So far, Dallas-area restaurants with first-rate patios have mostly managed to escape the impact of the current pandemic conditions.
This week, Dallas County’s COVID-19 threat level moved to red, representing the most severe level of risk for contracting the coronavirus. The update was in response to a recent spike in cases driven by the omicron variant that has caused some Dallas-area restaurants to temporarily close due to staffing impacts. But in a spot survey, restaurant managers at the following restaurants say their patios remain open and staffed.
The county recommends that diners avoid high-risk indoor environments in favor of outdoor seating whenever possible, so some diners may turn to alfresco dining options to welcome in the new year, even when the weather it gets colder.
“Before the pandemic, we didn’t have a year-round patio – well, nothing like a pandemic to encourage alfresco dining,” said Therese Washington, general manager of the S&D Oyster Company.
At José, a Guadalajaran restaurant that is a favorite with Park Cities and Bluffview customers, general manager Victor Rojas said there are protocols, such as seating guests in smaller numbers.
“Our patio has definitely been a draw for our guests over the past year, so we’ve rearranged the seating to discourage guests from booking larger groups,” said Rojas. “So we’re safe too.”
Patios also remain open at Shady’s Burger in Lake Highlands, Terry Black’s Barbecue in Deep Ellum, Jaxon Texas Kitchen & Beer Garden in downtown Dallas, The Wild Detectives, and The Salty Donut – all restaurant patios highlighted by food writer Sarah Blaskovich. in March 2021.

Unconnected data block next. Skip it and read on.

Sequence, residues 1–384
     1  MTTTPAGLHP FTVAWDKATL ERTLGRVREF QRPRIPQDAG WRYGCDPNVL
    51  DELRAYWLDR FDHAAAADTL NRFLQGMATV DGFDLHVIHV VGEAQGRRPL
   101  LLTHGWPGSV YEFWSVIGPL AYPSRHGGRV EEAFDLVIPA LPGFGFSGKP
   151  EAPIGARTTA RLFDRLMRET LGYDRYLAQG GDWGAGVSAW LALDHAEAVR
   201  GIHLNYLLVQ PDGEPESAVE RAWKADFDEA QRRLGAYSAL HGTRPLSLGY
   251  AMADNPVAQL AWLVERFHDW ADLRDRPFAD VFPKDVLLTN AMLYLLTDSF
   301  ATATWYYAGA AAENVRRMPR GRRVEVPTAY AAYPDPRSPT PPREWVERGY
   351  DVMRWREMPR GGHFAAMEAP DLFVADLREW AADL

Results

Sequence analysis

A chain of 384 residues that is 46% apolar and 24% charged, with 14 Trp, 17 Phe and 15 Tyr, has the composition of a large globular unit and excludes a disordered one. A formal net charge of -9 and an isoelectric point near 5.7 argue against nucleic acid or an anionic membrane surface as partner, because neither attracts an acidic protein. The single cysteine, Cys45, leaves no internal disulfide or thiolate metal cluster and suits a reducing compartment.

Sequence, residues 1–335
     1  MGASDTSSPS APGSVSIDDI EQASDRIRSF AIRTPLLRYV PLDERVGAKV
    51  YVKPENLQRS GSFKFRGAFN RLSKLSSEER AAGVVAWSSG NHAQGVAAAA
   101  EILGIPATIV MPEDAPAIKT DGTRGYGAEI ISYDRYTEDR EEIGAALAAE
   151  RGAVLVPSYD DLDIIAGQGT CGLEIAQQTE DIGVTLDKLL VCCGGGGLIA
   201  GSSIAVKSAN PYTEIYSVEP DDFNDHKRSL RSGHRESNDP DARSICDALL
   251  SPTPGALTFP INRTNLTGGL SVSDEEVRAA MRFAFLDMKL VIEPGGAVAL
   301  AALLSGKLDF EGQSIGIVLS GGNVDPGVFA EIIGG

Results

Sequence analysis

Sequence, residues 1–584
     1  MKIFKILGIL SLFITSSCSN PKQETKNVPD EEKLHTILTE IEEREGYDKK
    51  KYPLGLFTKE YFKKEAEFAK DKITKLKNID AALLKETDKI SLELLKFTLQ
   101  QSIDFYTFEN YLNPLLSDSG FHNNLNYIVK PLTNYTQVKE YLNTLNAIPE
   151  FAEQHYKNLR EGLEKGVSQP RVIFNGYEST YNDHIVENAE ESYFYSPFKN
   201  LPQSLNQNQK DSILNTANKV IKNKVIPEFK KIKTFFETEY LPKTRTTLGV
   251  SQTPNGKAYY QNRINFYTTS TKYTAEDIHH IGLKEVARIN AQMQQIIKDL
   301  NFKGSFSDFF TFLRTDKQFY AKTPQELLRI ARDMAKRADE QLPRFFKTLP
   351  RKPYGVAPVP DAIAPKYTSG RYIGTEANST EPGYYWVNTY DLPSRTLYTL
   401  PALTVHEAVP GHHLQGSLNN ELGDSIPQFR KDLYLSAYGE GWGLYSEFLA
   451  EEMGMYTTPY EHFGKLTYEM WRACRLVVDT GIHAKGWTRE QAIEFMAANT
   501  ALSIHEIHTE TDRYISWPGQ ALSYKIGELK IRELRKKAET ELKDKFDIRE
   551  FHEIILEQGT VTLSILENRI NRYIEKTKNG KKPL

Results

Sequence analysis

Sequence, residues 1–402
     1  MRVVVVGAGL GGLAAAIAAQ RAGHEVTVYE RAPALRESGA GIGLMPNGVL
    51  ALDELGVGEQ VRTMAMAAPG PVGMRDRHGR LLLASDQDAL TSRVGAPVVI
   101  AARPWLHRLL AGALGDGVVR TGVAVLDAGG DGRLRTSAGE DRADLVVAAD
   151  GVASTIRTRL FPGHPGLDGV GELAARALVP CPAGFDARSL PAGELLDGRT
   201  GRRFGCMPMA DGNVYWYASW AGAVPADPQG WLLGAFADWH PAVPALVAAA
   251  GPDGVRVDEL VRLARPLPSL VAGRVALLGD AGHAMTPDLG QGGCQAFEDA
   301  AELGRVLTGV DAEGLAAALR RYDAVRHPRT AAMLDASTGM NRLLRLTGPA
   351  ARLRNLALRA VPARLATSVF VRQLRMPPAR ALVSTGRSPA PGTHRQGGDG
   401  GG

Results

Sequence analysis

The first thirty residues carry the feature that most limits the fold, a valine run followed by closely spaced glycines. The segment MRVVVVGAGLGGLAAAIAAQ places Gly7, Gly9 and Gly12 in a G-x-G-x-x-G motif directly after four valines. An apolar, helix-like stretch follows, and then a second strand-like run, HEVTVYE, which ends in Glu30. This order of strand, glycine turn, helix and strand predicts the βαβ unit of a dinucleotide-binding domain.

S&D Oyster Company has had a shortage of staff recently, but it had nothing to do with the pandemic. It’s a question of longtime employees retiring or moving out, Washington said. In José, Rojas said that his staff has been “very lucky and no one has gotten sick; 94% of our staff are vaccinated.”
Wild Detectives at North Oak Cliff and The Salty Donut on Davis Street have had a few minor staffing issues affecting the yard experience, but nothing significant.
“We keep pretty busy, especially with the weather, as it’s as good as it is now,” said Moriah Lemaster of Wild Detectives.
The unusually warm weather recently has only increased yard traffic. But that could change on New Year’s Day, when temperatures in Dallas-Fort Worth could drop to more seasonal norms, according to the National Weather Service. Hail and gusty winds are possible Friday night before a cold front Saturday could send freezing temperatures across North Texas.
To be prepared for the winter weather, some restaurants with large patios, such as Palmer’s Hot Chicken on Mockingbird Lane, Encina in Oak Cliff, Malai Kitchen in Uptown, and Postino in Deep Ellum, have made sure to have heaters in place.
In José, Rojas said his restaurant bought and installed four 240-volt heaters, “just in case.”